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Waiting for adoption : Coping with uncertainty

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Title: Waiting for adoption : Coping with uncertainty
Author: Frank, Sharon Lynn
Degree Master of Social Work - MSW
Program Social Work
Copyright Date: 1994
Abstract: Waiting for adoption has been acknowledged in the literature as potentially problematic and stressful, yet this has not been the subject of research. In Saskatchewan during the 1980s, the supply of children available for adoption has diminished and the demand for adoption by infertile couples has increased. One of the results of this imbalance has been increased waiting times for prospective adopters. Guided by grounded theory, this qualitative, exploratory, retrospective study of the experience of waiting for adoption focuses upon the period of time between agency approval of the adoption application and the selection or placement of a child. Data was gathered by single occasion interviews with nine adoptive families. Coping with uncertainty is the central issue for prospective adopters who enter the waiting period with expectation and hopefulness about their desire to adopt. Primary coping strategies are problem-focused, such as information search and mobilization of support, or emotion-focused, such as denial or distancing. Gender differences in coping strategies were identified. Discrepancies between expected waiting time and experienced waiting time are a key determinate of uncertainty strain. Sensitivity to the passage of time heightens over the course of waiting and perceptions of social support resources may change if they fail to meet waiting adopters' expressed needs for information and support. Perceptions of social workers tended to change as waiting uncertainty increased; they were found to be less accessible, supportive or well-informed. The Adoptive Parents Association was found to be the most consistent and reliable source of information and support. Revising expectations of waiting time appears to provide the most effective management of uncertainty strain. These findings are preliminary and further study is required to confirm and expand them further.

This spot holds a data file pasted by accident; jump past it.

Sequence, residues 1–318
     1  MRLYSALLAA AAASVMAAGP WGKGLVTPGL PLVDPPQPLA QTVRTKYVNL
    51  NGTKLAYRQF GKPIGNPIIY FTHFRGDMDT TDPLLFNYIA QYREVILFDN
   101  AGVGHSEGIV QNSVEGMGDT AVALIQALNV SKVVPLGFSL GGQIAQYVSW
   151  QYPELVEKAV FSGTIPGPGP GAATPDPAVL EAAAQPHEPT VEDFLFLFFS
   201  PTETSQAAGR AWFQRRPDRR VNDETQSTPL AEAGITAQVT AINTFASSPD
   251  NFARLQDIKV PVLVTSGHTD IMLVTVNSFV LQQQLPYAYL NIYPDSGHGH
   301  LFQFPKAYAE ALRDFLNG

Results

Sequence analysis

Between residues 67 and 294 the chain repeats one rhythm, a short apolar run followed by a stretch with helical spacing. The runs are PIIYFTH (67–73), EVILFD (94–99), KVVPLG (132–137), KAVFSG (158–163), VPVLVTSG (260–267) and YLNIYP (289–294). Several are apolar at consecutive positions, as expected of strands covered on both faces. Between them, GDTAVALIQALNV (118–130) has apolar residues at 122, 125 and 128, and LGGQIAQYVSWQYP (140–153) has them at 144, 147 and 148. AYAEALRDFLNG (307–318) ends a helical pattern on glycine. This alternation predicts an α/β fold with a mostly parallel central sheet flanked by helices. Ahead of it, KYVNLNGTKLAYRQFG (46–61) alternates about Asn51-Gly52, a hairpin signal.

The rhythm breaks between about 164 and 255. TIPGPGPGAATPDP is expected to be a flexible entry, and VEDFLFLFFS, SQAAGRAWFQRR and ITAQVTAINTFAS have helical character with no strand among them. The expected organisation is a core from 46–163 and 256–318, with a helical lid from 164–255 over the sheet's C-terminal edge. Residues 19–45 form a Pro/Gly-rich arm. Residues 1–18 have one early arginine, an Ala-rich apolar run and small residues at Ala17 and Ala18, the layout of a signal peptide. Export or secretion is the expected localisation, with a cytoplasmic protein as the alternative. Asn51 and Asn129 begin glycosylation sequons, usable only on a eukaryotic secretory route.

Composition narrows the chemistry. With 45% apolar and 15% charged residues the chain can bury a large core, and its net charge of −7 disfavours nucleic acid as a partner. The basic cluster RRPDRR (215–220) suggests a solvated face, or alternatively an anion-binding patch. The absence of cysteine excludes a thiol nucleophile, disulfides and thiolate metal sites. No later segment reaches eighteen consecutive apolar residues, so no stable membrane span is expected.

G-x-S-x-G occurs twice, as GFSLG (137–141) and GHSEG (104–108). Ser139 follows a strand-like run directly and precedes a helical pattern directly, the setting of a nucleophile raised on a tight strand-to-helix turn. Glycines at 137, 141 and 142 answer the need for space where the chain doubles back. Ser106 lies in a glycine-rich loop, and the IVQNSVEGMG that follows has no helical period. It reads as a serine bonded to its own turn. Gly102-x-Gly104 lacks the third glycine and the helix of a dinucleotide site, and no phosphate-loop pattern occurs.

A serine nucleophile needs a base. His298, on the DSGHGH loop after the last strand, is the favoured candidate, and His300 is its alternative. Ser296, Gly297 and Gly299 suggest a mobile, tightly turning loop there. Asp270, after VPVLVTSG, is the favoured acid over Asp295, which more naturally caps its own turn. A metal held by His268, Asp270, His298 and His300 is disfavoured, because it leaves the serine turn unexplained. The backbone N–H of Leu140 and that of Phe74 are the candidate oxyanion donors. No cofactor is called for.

URI: http://hdl.handle.net/2429/3537
Series/Report no. UBC Retrospective Theses Digitization Project [http://www.library.ubc.ca/archives/retro_theses/]

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